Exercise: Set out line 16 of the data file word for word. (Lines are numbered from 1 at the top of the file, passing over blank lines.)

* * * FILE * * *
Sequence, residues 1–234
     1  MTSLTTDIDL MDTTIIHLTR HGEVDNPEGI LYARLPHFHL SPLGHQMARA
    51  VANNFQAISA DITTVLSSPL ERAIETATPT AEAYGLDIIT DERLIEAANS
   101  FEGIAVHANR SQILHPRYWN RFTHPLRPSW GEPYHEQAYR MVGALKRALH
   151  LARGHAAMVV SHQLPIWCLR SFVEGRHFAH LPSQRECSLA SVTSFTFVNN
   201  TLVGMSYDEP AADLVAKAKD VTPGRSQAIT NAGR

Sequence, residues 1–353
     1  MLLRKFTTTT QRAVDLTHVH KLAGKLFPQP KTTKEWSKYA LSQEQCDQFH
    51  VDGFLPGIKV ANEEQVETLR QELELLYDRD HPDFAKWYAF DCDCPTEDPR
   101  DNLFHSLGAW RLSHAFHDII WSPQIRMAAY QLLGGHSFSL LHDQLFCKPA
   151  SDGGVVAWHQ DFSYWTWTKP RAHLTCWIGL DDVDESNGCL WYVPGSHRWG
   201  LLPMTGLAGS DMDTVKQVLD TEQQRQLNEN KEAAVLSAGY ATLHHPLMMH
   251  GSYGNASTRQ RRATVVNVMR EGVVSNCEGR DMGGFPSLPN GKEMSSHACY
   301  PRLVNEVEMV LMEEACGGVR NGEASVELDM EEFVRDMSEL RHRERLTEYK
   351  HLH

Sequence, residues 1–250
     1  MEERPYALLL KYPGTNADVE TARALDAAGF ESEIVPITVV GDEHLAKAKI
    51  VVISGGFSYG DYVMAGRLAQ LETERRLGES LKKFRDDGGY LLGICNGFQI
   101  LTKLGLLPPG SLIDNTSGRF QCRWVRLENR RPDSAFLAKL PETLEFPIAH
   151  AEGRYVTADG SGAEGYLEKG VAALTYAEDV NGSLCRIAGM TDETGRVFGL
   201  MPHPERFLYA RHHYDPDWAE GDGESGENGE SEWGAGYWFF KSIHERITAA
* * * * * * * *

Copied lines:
Sequence, residues 1–250